Oxford University To Test Covid-19 Vaccine Safety In Kids
London: The University of Oxford has launched the first study to assess the safety and immune responses of its Covid-19 vaccine in children and young adults with first vaccinations expected during this month.
This trial will assess if children and young adults aged 6-17 years develop a good immune response with the ChAdOx1 nCoV-19 vaccine.
“While most children are relatively unaffected by coronavirus and are unlikely to become unwell with the infection, it is important to establish the safety and immune response to the vaccine in children and young people as some children may benefit from vaccination,” Andrew Pollard, Professor, and Chief Investigator on the Oxford vaccine trial, said in a statement.
“These new trials will extend our understanding of control of SARS-CoV2 to younger age groups.”
The study builds on previous trials of the vaccine, which have shown that it is safe, produces strong immune system responses and has high efficacy in adults.
This new trial, a single-blind, randomised phase II trial, will involve 300 volunteers, with up to 240 of these volunteers receiving the ChAdOx1 nCoV-19 vaccine, the University of Oxford said on Friday.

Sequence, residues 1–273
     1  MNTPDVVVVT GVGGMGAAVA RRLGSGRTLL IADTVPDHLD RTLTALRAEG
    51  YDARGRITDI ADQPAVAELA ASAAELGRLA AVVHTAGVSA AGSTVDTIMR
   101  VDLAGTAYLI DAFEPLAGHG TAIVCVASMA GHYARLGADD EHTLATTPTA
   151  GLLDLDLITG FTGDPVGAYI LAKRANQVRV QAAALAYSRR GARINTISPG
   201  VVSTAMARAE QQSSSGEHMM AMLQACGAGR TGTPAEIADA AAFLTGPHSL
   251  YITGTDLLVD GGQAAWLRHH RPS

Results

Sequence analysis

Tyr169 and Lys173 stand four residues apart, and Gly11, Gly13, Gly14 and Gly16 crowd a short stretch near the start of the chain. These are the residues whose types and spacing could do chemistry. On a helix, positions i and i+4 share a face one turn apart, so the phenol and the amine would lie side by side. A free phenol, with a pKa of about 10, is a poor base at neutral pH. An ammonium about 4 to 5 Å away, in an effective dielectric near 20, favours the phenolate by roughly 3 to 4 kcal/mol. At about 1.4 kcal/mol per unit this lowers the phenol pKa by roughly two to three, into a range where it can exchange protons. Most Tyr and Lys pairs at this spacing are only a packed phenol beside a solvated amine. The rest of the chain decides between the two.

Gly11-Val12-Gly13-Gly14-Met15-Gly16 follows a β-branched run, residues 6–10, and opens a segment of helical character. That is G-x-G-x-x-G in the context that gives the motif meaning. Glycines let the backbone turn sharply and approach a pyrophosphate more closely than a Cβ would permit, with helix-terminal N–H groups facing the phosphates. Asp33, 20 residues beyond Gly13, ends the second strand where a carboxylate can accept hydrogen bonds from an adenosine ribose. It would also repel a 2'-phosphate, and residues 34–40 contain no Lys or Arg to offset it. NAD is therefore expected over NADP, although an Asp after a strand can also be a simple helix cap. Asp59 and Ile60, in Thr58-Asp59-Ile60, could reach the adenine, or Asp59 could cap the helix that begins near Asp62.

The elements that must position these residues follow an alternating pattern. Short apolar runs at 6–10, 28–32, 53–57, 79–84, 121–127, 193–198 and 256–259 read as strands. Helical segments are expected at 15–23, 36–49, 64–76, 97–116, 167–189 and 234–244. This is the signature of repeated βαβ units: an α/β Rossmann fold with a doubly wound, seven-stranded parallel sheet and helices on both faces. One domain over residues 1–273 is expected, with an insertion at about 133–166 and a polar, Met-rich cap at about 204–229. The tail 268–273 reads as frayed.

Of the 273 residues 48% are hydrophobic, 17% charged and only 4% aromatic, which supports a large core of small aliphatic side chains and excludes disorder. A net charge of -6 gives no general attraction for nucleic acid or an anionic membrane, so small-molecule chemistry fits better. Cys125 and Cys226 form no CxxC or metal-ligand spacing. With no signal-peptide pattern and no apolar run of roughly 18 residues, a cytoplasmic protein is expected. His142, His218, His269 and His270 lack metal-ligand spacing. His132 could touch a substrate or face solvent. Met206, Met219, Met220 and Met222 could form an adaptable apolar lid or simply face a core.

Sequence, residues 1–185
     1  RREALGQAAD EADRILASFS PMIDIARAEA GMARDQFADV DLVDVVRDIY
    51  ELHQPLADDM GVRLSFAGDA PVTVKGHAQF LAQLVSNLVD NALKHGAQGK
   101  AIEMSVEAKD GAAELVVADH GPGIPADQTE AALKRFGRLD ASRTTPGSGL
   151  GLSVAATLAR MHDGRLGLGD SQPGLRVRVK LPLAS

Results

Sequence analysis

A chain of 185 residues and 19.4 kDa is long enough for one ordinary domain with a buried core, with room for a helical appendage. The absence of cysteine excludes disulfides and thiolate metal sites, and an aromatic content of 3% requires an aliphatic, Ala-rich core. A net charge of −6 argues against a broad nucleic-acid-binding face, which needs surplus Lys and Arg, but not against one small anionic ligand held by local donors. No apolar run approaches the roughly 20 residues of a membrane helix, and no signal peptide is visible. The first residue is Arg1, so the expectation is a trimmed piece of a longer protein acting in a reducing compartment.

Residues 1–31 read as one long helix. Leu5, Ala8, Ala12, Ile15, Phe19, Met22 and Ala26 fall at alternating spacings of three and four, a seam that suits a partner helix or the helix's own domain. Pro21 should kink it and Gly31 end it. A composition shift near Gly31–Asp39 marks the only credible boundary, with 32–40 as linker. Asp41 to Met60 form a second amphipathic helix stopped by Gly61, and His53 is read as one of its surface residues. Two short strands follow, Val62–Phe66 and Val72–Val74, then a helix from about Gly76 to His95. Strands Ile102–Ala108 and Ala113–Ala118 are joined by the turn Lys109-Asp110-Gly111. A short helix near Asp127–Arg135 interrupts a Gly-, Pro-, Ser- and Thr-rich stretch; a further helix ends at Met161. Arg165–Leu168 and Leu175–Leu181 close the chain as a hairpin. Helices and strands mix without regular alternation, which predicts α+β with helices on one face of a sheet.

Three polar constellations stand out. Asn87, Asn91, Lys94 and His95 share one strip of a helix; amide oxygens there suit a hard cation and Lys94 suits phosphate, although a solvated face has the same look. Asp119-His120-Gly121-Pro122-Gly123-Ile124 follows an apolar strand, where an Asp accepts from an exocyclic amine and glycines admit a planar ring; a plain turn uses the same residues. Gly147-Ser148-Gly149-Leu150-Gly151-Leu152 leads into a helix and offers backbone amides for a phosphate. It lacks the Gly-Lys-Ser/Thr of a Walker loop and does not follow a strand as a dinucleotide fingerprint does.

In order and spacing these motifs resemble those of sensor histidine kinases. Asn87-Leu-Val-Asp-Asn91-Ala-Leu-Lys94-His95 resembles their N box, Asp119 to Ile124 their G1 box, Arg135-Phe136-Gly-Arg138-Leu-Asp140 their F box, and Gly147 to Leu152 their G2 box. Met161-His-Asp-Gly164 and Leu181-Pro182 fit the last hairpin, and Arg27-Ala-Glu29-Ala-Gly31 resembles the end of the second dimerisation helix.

The remainder will receive a control meningitis vaccine, which has been shown to be safe in children but is expected to produce similar reactions, such as a sore arm.
“The Covid-19 pandemic has had a profound negative impact on the education, social development and emotional well-being of children and adolescents, beyond illness and rare severe disease presentations,” said Rinn Song, Paediatrician and Clinician-Scientist, Oxford Vaccine Group.
“It is therefore important to collect data on the safety and the immune response to our coronavirus vaccine in these age groups, so that they could potentially benefit from inclusion in vaccination programs in the near future.”
The trial is funded by the UK’s National Institute for Health Research (NIHR) and drugmaker AstraZeneca.
AstraZeneca’s Covid-19 vaccine, developed jointly with the University of Oxford, has been approved for emergency use in several countries. A version of the vaccine is also being used in India.
While the vaccine remains effective against the original virus and at least one variant, first discovered in Kent, England, preliminary findings in a small-scale trial prompted South Africa to limit its use while it ascertains its efficacy against the variant that emerged there.
AstraZeneca had said it could take between six to nine months to produce Covid-19 vaccines that are effective against new variants of the virus.